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Updated: September 27, 2013 03:02 IST

Ensure welfare of 6 elephants in tiger reserves, says court

Special Correspondent
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The captured wild elephants being pushed into lorry, with the help of kumki elephants in Tiruvananmalai district recently. Photo: C. Venkatachalapathy
The Hindu The captured wild elephants being pushed into lorry, with the help of kumki elephants in Tiruvananmalai district recently. Photo: C. Venkatachalapathy

The Madras High Court on Wednesday said the Additional Principal Chief Conservator of Forests (Project Tiger) should make a periodical assessment of the needs of the six elephants which were captured after they strayed into Tiruvannamalai district and confined in Mudumalai and Anamalai Tiger Reserves. As and when the authorities concerned feel that the elephants may be relocated in any other forest area, they should do it without loss of time and in accordance with the rules and regulations.

The First Bench comprising the Acting Chief Justice R.K.Agrawal and Justice M.Sathyanarayanan passed the order while disposing of a public interest litigation petition seeking to restrain the forest officials from confining the captured pachyderm to kraals in Mudumalai Tiger Reserve in The Nilgiris District and Anamalai Tiger Reserve in Coimbatore district.

Separating a herd immediately after tranquilising it and transporting it to nearly 500 km from their present habitat, the Javadhu Hills in Tiruvannamalai and Vellore districts, would cause immense stress to them.

The Bench said the Additional PCCF (Project Tiger) had submitted that their best efforts to drive the six wild elephants into the forest area failed. Having tasted the agricultural produce, the elephants repeatedly started raiding the farm lands. The forest official, after getting permission from the Central Government and consulting experts in the field, decided to capture the elephants and relocate them in the camps maintained in Mudumalai and Anamalai. Accordingly, the elephants were relocated.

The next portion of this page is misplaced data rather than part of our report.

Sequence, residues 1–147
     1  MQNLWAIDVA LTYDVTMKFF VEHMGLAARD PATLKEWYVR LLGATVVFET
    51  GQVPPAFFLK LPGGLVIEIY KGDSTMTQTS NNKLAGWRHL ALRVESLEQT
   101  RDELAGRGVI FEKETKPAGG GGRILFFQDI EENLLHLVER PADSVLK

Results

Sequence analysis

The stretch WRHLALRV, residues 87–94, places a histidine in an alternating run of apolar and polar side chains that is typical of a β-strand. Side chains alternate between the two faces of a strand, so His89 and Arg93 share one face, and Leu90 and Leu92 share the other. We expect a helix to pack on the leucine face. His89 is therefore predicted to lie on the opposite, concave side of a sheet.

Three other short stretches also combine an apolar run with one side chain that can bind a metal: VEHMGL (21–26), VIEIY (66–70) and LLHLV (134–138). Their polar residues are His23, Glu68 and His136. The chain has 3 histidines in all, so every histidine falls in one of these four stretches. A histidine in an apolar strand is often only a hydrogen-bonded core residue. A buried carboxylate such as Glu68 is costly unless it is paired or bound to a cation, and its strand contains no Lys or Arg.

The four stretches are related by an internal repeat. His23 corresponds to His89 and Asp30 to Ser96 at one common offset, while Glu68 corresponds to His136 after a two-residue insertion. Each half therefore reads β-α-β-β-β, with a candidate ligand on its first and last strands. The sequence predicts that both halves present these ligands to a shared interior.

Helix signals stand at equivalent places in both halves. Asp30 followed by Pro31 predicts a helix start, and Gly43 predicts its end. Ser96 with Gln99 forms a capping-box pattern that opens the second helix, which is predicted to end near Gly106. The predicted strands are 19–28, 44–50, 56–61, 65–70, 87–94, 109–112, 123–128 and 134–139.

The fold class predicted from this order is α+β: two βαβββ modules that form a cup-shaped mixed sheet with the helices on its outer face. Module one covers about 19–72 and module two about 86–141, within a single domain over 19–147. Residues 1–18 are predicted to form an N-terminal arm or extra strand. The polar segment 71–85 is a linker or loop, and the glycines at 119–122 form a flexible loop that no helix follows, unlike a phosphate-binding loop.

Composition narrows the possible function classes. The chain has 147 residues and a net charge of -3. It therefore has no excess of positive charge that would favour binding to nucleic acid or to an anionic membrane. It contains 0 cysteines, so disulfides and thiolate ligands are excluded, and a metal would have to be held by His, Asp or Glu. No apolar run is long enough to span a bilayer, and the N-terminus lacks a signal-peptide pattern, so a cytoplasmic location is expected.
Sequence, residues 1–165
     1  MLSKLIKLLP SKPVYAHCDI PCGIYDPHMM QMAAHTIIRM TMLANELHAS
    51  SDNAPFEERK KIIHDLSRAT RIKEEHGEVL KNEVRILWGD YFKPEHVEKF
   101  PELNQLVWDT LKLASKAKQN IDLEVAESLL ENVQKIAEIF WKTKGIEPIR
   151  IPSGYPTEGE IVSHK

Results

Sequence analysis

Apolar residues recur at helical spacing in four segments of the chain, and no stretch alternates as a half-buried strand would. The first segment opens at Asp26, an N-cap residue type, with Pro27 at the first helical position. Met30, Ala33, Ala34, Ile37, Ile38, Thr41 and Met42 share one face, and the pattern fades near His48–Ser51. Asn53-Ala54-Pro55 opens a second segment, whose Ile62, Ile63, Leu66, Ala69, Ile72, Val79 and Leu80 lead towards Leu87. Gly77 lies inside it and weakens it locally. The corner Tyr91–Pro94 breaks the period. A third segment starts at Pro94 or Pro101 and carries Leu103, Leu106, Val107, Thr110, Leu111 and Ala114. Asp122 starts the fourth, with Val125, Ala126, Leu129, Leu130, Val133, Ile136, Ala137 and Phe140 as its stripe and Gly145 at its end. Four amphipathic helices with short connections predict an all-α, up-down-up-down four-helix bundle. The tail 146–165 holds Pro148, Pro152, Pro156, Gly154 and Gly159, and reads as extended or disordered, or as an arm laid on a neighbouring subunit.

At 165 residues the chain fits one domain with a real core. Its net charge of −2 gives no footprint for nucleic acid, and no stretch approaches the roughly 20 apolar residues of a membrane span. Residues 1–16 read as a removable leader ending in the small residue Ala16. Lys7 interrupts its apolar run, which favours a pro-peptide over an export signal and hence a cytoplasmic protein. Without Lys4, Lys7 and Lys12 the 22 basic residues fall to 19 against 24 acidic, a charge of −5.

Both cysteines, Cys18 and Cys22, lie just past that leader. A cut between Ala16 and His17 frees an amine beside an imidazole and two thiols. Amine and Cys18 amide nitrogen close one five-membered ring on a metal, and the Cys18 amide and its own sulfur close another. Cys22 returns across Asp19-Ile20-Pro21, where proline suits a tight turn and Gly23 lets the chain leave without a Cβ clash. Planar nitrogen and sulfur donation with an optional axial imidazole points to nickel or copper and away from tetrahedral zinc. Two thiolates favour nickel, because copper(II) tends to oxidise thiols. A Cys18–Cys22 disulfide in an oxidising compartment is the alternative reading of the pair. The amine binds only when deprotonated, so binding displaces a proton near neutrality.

Though the petitioner contended that the captured elephants were kept in individual kraals, thereby putting them to physical agony, the court was of the considered view that the same was an age old and time tested practice. The forest official had specifically stated that the elephants would be kept in kraals, but after being tamed, they would be released, fed well and their health and other essential parameters observed periodically. A time schedule would be given for the camps in which the elephants were kept.

In the order, the Bench said it was also taking judicial notice of the fact that in Assam and in Kerala railway lines had been laid across the elephant corridor and pachyderms used to a certain movement pattern were put hit by trains and died. It was sad to note that such tragedies occurred. The Bench expressed hope and trust that while laying roads and railway lines in and around forest areas, the departments concerned of the Central and State Governments would take note of the pattern of movement of the animals and avoid laying roads and railway lines in those areas so that man-animal conflict may not occur.

Plea for CBI probe

Meanwhile, the Bench ordered notice on a writ petition by T.P.Senthil Kumar, an advocate, seeking a direction to CBI to nominate a team and investigate the nature and cause of death of two elephants on June 9, 2011 at Anaikatti beat of Segur Range and Mangalapatti beat of Nilgiris eastern range and take appropriate action.

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